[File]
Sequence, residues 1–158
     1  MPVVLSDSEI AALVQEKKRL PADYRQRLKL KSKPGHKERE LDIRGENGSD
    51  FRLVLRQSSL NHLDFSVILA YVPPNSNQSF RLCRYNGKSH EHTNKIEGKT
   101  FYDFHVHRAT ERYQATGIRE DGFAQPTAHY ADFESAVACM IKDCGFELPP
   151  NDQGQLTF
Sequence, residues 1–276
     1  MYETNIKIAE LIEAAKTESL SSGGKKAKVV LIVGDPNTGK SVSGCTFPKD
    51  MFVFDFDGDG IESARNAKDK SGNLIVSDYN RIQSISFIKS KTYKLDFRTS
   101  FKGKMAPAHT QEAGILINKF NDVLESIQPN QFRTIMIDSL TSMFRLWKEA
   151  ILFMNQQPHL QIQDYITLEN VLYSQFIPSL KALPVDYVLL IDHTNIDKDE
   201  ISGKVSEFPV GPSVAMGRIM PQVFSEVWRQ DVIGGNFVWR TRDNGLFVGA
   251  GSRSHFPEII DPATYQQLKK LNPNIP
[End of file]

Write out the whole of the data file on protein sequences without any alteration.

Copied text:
Sequence, residues 1–158
     1  MPVVLSDSEI AALVQEKKRL PADYRQRLKL KSKPGHKERE LDIRGENGSD
    51  FRLVLRQSSL NHLDFSVILA YVPPNSNQSF RLCRYNGKSH EHTNKIEGKT
   101  FYDFHVHRAT ERYQATGIRE DGFAQPTAHY ADFESAVACM IKDCGFELPP
   151  NDQGQLTF
Sequence, residues 1–276
     1  MYETNIKIAE LIEAAKTESL SSGGKKAKVV LIVGDPNTGK SVSGCTFPKD
    51  MFVFDFDGDG IESARNAKDK SGNLIVSDYN RIQSISFIKS KTYKLDFRTS
   101  FKGKMAPAHT QEAGILINKF NDVLESIQPN QFRTIMIDSL TSMFRLWKEA
   151  ILFMNQQPHL QIQDYITLEN VLYSQFIPSL KALPVDYVLL IDHTNIDKDE
   201  ISGKVSEFPV GPSVAMGRIM PQVFSEVWRQ DVIGGNFVWR TRDNGLFVGA
   251  GSRSHFPEII DPATYQQLKK LNPNIP